The People who put Alexander The Great into Retreat -The Gangaridai

The article is written by – Tim Steel


The immense wealth of the lands of the Ganges delta that form the heart of Bangladesh, has attracted both traders and invaders over the centuries.

Alexander the Great and the Macedonian cavalry crossing river Granicus

The last of whom might well have been, effectively, Pakistan, and as we all know they were preceded by the great invaders, the Khilji, the Mughals and the British.

But the first foreign power to eye the region’s wealth and the flourishing trading centre that grew from the later years of the 2nd millennium BCE drawing merchants from across the known world, was probably the Macedonia of Alexander the Great.

There can be little doubt that he would have been aware of the wealth and trade that two thousand years later drew the praise of the Mughal Emperor, Aurangzeb, in his immortal description of these lands as, “The paradise of nations, for its wealth and trade.’’

Of course, Aurangzeb’s father, Shah Jahan, famously moved the capital of Bengal to Dhaka, and sent his favourite son there as Viceroy.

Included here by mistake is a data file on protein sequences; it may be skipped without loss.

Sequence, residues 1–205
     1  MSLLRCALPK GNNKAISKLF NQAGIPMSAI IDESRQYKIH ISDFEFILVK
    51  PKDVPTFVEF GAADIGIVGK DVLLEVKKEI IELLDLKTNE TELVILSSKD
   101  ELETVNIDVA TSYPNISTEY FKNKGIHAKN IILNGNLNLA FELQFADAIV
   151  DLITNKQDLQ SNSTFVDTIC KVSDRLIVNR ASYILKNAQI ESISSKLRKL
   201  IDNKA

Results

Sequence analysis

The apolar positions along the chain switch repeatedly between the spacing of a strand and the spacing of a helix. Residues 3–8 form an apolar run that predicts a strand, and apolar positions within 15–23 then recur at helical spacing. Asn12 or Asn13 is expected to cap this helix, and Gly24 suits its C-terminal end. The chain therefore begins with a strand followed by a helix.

Hecataeus of Miletus, a Greek historian produced a map around 500 BCE, which would certainly have been available to Alexander. In it, Herataeus was able to clearly mark a river, originating in the Himalayan range, flowing southeast, suggesting he was well informed about the cartography of the region.

Knowledge that only traders could possibly have given him. And when we consider the coinage of 600 BCE or so, from sites in Bangladesh, it is no real stretch to suppose that Alexander was not only aware of the peoples of the delta, but equally aware of the wealth to be looted there to support his military conquests.